"This is not related to the downturn in the economy, but the downturn has made everyone focus on their business to see what they should focus on as the recovery occurs," said the spokesperson.

The two will continue to work together in motion control applications.
Comments?

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Wireless power standard emerges with logo


A standard for wireless charging of portable equipment is emerging through the Wireless Power Consortium. It has released the 0.95 technical specification for a global wireless power charging standard for low power devices that are 5 watts and below, such as mobile phones and personal music players. It is out for review by its members and announced the launch of prototype testing at a members' interoperability test to be held on 15-17 September, 2009.
The Consortium, established at the end of last year, has also chosen the logo “Qi” (pronounced “chee”, meaning “energy flow”) to represent the first international wireless power standard which brings new levels of convenience to power charging in consumer electronic devices.

“In just seven months the Wireless Power Consortium has advanced the standard to 0.95 for interoperability testing and moved to trademark “Qi” as the first universal wireless power standard. These significant milestones have been achieved through strong collaboration among the Consortium members and pave the way for an accelerated 1.0 release schedule of the standard,” said Camille Tang, Co-Chair of the Promotion Work Group at the consortium.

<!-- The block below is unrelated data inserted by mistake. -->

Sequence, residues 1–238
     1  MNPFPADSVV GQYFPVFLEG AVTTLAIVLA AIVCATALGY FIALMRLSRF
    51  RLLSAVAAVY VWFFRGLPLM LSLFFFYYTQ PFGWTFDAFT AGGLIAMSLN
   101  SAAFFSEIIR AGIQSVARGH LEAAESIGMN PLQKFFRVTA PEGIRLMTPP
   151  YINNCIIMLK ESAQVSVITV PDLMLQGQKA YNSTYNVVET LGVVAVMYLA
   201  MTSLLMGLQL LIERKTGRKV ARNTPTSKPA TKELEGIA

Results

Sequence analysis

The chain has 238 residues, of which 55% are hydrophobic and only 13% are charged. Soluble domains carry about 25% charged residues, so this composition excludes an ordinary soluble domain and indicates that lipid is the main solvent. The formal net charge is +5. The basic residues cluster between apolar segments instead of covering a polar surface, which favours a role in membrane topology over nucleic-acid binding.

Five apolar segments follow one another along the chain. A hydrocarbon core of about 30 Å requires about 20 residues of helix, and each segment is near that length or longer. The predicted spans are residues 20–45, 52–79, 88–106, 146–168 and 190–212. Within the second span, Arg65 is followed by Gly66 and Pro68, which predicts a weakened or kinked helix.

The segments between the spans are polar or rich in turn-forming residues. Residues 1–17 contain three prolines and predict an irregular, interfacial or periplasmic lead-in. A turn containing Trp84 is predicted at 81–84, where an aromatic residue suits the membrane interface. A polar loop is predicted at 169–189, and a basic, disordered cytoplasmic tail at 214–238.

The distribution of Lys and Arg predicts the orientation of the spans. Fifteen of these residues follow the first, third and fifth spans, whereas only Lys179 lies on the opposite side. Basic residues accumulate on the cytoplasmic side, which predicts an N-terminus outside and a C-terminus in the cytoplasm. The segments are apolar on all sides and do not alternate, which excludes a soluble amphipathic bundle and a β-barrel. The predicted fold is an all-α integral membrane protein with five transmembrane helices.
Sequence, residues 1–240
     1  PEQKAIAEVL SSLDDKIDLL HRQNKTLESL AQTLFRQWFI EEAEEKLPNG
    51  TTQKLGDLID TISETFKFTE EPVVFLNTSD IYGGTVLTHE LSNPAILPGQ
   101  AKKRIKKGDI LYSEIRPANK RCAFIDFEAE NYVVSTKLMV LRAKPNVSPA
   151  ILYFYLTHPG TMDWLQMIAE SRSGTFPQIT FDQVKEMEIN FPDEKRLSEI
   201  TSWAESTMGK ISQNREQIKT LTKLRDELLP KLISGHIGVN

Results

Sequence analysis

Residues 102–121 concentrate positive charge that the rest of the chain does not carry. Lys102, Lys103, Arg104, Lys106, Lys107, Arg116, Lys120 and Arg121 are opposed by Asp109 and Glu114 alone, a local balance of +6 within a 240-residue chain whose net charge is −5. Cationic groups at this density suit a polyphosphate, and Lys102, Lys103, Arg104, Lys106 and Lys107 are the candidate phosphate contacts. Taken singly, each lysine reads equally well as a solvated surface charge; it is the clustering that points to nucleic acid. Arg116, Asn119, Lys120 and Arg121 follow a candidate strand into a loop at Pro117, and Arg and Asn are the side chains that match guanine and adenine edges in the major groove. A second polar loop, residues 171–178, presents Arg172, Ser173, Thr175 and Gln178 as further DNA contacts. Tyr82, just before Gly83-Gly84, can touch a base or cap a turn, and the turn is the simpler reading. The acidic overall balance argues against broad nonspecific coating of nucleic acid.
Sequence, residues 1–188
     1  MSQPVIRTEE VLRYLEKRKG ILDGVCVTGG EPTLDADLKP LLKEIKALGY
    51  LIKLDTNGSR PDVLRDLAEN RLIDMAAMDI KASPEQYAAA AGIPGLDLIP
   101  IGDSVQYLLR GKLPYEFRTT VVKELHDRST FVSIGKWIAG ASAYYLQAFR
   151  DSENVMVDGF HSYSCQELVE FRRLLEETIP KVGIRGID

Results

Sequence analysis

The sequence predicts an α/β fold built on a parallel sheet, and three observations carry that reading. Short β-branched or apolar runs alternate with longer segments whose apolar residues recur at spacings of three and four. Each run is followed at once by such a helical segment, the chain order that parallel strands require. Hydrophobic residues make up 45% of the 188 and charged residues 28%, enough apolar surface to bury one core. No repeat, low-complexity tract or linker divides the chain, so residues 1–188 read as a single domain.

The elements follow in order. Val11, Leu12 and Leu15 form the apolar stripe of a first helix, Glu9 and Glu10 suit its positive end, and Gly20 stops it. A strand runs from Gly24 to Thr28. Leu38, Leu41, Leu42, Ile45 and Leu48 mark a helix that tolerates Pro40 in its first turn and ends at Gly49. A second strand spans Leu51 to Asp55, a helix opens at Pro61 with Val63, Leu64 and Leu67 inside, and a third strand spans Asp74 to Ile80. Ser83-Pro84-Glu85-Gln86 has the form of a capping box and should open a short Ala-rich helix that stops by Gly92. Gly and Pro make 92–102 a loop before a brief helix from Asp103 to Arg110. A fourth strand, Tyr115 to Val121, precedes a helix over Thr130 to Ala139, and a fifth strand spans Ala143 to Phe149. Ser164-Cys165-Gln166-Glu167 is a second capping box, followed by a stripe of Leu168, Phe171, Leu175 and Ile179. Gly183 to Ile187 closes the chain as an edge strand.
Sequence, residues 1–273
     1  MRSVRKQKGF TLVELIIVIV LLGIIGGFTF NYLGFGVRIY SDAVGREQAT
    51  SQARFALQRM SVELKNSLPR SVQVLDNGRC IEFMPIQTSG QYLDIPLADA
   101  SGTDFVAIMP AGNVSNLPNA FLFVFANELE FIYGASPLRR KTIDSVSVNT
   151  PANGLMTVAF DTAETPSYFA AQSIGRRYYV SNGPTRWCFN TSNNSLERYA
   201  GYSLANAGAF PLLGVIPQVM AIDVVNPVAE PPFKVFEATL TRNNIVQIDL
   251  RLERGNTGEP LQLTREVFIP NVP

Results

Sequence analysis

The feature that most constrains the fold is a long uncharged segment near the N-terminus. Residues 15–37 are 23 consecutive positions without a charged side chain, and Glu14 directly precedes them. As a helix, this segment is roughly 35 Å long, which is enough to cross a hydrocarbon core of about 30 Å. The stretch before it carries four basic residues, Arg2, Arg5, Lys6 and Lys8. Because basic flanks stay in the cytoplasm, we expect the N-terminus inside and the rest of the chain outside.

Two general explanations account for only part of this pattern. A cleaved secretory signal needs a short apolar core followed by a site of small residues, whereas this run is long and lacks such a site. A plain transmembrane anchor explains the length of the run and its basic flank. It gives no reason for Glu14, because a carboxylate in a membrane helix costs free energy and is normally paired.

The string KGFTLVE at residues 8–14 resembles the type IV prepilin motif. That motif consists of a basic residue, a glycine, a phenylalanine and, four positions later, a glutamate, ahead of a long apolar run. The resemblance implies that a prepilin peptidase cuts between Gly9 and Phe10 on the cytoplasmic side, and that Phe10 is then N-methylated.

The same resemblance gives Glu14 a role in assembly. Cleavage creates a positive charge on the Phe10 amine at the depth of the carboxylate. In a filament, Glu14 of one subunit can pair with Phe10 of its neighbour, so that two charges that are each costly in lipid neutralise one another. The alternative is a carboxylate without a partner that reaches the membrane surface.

The interoperability test will be hosted in Eindhoven, The Netherlands, during the next Consortium meeting and is open to existing and new members joining prior to 15 September 2009.
In a recent survey by the consortium 90% of respondents said they would like to see a uniform symbol placed on electronic devices to indicate that the devices are equipped with wireless power charging. Under the consortium’s plans, all electronic devices bearing the “Qi” symbol can be charged on any charging pad or surface marked with the same “Qi” logo.



Full members:
ConvenientPower
Fulton Innovation
Logitech
National Semiconductor
Olympus
Philips
Sang Fei
Sanyo
Texas Instruments


ASSOCIATE MEMBERS

Duracell
Hosiden
Leggett & Platt
Samsung Electronics
ST-Ericsson
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Tuesday, August 18, 2009

Downturn hits as GE Fanuc splits

GE Fanuc Automation, the twenty year old joint venture between GE and FANUC, is to be dismantled by the end of the year. GE and FANUC expect the transaction to be completed by the end of this year, subject to satisfactory customary closing conditions. It denies the split is due to market conditions, see comments above.
Set up in 1986, GE Fanuc Automation serves a vast array of industries around the world including the energy, water, consumer packaged goods, government & defence, and telecommunications industries with hardware and software solutions, services, automation and embedded computing systems.
Under the terms of the agreement GE retains the software, services, embedded systems and control systems businesses globally. The company will be known as GE Intelligent Platforms, and will be led by GE Fanuc Intelligent Platforms CEO Maryrose Sylvester. FANUC retains the global CNC business.